o Ignores the quality of services SHELAGH JOSEPH POLB90 LECTURE NOTES Page 9 of 17
What is it?
Banking services that are provided to unemployed or low income individuals or groups who would
otherwise have no other means of gaining financial services
Grameen Bank, 1983 Muhammed Yunus
Who provides funding?
Regional development banks
The Struggle over Meaning
Grameen Bank Philosophy
Credit as a human right
Other supportive services
CCTS quality of schools
Social goals not just repayment rates financial independence not a goal
World Bank Philosophy and Practice in Microfinance
Establishes norms, metrics ranking…. Practices for microfinance
Consultative group to assist the poor (CGAP)
o Aim: to integrate microfinance into global financial markets
Criteria for “success”
o Repayment of loans
Tuesday, November 12, 2013
Multinational Corporations as Political Actors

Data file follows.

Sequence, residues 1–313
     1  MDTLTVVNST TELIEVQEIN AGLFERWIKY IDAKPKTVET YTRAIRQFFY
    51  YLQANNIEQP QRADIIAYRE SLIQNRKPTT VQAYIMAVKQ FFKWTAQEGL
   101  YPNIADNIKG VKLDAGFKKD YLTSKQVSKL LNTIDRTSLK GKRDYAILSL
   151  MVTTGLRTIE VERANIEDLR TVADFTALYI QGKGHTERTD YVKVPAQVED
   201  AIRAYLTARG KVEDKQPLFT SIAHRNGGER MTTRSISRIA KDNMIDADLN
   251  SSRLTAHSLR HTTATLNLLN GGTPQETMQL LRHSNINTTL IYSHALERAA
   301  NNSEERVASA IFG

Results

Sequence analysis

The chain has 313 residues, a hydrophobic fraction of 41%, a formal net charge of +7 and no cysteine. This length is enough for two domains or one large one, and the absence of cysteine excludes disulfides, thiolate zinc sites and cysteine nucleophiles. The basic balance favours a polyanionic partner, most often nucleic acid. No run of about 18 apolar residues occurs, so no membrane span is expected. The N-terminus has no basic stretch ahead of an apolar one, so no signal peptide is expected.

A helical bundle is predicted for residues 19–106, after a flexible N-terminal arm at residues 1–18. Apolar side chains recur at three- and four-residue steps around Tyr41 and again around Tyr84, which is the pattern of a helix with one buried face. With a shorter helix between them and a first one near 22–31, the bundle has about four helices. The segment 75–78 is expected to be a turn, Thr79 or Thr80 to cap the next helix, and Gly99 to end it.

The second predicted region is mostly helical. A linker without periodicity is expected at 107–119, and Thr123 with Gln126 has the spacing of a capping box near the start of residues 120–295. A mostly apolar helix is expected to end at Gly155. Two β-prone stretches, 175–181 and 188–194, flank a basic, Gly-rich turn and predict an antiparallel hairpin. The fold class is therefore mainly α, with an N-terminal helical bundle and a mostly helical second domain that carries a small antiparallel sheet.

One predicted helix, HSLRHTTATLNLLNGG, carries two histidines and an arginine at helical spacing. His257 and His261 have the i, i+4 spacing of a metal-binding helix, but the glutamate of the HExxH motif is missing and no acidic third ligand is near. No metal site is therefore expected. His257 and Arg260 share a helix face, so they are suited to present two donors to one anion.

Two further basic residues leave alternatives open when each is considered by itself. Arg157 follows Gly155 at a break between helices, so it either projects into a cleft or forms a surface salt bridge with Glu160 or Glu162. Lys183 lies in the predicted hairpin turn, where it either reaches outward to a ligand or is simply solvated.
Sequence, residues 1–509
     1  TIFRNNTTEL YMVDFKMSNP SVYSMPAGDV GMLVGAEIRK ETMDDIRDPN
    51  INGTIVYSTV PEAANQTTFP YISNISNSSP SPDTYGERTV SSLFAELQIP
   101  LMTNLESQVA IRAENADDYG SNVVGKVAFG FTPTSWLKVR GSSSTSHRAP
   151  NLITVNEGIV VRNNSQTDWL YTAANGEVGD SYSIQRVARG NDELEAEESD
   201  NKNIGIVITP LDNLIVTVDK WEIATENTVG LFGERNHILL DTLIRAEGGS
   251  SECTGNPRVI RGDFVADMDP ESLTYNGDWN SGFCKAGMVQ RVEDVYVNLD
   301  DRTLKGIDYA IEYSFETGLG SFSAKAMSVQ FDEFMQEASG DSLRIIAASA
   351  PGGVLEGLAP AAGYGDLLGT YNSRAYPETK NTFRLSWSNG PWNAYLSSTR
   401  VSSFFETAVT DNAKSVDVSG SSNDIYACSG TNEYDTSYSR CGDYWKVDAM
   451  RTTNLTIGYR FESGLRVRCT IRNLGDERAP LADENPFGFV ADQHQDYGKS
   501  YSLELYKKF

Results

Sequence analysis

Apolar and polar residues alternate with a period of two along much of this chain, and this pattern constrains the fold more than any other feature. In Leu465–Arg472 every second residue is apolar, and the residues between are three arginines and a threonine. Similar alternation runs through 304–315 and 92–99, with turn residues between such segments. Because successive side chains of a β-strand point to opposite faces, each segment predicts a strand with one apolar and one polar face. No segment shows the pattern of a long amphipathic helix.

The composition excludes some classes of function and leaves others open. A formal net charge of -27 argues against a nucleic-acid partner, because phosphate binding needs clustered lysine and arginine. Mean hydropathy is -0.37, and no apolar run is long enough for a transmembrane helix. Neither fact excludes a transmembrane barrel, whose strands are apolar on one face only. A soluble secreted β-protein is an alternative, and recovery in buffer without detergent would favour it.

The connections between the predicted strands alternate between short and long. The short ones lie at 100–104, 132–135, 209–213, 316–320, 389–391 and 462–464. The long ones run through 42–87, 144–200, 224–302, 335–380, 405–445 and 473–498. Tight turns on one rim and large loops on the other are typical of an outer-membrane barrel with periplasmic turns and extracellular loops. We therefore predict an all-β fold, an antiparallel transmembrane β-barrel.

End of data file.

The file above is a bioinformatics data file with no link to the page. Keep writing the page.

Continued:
Criticism of the HIPC initiative
Inappropriateness of macroeconomic criteria for eligibility
o Keep exports up
o Maintain particular public spenditure
The actual debt reduction is quite small
Only modest increases in social spending
Participation might not be substantial
o They do not get to criticize macroeconomic policy
Excludes many needy countries
Fails to address root causes
Tanzania, PRSP, 2011
Watch over the fiscal deficit
o Advocates of export drive
Create and enabling business environment
o Promote domestic and foreign investment
o Improve infrastructure
o Promote domestic and international investment in mining
o Promote export processing zones SHELAGH JOSEPH POLB90 LECTURE NOTES Page 10 of 17
Definition: enterprise which is based in one country but operates and has assets in more than one country
MNC’s have a home base
Ensure their own protection